Thus, coma aberration generated by a skew of an optical disc 11 is offset by coma aberration generated by the optical compensating devices 1 and 2 in the optical disc recording and/or reproducing apparatus. Therefore, the information signal is written on and read out from the optical disc 11 without error.

With regard to data simulation, an optical compensating device 1 having an aspherical surface 1b and an optical compensating device 2 having an aspherical surface 2b are prepared. The aspherical surfaces 1a and 2a are represented as z=(0.25*10-4)r-4. A compensating state of coma aberration is simulated in the optical pick-up apparatus when a skew of one degree is given to an optical disc having a thickness of 1.2 mm. The aspherical surface 1b or 2b has a convex or a concave shape having a displacement of 2.6 μm at the position of 3.2 mm from the optical axis. The numerical aperture (NA) of the objective lens 8 in the optical pick-up apparatus is 0.6. The moving distance (s) of the optical compensating devices 1 and 2 is respectively +1 or -1.

When aberration is not compensated by optical compensating devices 1 and 2, coma aberration of approximately 0.25λ(λ=523 nm) is generated on an RMS wavefront as shown in FIG. 9. This aberration amount is approximately four times the diffraction limit 0.07λ as shown in FIG. 11. When this aberration amount is generated, it is impossible to read out the information signal from the optical disc 11. When skew of an optical disc 11 is approximately 0.3 degree, aberration is approximately 0.07λ on RMS wavefront. Therefore, it is necessary to control the skew of an optical disc 11 to less than 0.3 degree. Further it is necessary to control skew of an optical disc 11 to less than 0.2 degree so as to keep RMS wavefront aberration less than 0.05λ.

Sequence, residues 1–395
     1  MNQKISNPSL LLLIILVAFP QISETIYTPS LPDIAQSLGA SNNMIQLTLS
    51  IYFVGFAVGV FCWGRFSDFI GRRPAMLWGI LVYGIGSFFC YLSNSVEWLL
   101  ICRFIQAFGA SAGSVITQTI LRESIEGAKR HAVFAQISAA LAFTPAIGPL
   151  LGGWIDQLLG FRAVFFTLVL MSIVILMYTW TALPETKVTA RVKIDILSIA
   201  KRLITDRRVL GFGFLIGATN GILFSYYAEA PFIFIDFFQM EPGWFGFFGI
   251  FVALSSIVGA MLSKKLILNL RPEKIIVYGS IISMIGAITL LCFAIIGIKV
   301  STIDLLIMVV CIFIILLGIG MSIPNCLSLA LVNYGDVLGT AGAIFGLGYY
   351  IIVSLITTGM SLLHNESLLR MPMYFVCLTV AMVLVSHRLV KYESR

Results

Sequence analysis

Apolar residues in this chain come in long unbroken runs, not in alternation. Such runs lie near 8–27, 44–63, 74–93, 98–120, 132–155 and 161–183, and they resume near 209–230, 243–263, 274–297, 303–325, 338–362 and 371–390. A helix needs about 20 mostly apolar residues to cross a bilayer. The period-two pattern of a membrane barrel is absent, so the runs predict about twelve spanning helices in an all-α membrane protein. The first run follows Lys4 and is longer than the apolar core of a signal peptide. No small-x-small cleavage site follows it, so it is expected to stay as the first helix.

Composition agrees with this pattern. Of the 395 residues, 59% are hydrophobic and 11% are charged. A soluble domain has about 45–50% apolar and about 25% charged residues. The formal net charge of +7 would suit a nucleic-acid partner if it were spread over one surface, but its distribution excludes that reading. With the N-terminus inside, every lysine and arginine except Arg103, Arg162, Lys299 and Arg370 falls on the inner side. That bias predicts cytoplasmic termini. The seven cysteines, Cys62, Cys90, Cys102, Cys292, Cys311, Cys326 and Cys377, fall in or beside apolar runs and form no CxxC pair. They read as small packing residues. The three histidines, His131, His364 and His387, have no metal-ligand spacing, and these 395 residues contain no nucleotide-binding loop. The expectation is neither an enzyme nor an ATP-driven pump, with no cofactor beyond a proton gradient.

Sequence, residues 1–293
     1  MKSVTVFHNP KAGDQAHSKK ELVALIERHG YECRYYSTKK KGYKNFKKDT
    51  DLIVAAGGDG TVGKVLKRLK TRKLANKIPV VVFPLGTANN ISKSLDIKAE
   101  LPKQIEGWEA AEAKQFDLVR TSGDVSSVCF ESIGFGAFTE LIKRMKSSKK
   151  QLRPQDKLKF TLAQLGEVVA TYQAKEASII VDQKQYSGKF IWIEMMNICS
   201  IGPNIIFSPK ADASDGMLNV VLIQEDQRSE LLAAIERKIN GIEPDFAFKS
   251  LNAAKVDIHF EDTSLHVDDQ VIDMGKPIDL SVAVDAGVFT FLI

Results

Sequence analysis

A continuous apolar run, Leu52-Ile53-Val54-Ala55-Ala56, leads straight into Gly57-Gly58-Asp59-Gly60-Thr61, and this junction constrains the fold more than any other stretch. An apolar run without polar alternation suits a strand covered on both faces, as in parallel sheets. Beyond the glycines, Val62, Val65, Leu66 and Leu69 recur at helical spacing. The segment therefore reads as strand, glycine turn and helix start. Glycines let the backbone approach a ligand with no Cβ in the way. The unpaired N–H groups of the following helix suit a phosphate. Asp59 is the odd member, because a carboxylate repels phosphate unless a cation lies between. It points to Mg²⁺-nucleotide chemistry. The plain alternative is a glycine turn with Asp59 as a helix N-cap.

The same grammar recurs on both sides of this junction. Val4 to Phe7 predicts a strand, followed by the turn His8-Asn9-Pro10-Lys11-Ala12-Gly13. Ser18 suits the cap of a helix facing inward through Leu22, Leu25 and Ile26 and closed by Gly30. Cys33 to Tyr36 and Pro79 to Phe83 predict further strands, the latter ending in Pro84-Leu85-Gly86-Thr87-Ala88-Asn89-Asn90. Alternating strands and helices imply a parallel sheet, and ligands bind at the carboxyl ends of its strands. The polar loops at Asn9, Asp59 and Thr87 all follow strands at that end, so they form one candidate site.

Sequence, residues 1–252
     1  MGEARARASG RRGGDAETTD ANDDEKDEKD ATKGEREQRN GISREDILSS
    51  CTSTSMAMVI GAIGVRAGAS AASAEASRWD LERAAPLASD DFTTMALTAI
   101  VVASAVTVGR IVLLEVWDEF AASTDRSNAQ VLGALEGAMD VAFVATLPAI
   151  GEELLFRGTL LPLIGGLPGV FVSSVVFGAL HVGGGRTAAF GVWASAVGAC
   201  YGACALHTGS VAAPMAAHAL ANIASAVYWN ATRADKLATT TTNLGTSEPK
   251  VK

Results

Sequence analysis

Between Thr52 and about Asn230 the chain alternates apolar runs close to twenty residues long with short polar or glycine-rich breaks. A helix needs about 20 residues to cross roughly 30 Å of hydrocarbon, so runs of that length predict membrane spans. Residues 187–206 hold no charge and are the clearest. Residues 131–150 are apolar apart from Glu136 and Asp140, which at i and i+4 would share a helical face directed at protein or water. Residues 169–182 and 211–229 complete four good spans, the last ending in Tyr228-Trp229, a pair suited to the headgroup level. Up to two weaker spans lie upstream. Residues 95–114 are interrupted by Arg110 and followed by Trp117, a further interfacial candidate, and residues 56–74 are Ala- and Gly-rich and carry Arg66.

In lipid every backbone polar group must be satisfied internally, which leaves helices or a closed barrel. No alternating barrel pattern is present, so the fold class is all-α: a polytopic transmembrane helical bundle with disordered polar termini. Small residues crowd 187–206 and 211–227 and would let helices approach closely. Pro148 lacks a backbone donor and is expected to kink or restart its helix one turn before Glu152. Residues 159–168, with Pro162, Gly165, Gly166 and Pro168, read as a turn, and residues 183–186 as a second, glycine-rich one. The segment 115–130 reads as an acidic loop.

When aberration is compensated by optical compensating devices 1 and 2, aberration is controlled less than approximately 0.023λ (λ=523 nm) on RMS wavefront as shown in FIG. 10. This aberration amount is smaller than the diffraction limit 0.07λ as shown in FIG. 11. Accordingly, it is possible that even when the skew of an optical disc 11 is bigger than 0.6 degree, RMS wavefront aberration is kept to less than 0.05λ.

Astigmatism is generated, when an optical axis of an objective lens 8 is shifted from each center position of an optical compensating devices 1 and 2 at the time when skew of an optical disc 11 is zero degree. When each center position of optical compensating devices 1 and 2 is shifted about 0.2 mm, astigmatism is 0.035λ as shown in FIG. 12. Therefore it is necessary to control a shift of each center position of an optical compensating devices 1 and 2 less than 0.2 mm. Further, when a shift of each center position of an optical compensating devices 1 and 2 is reduced, larger skew of an optical disc 11 is permissible.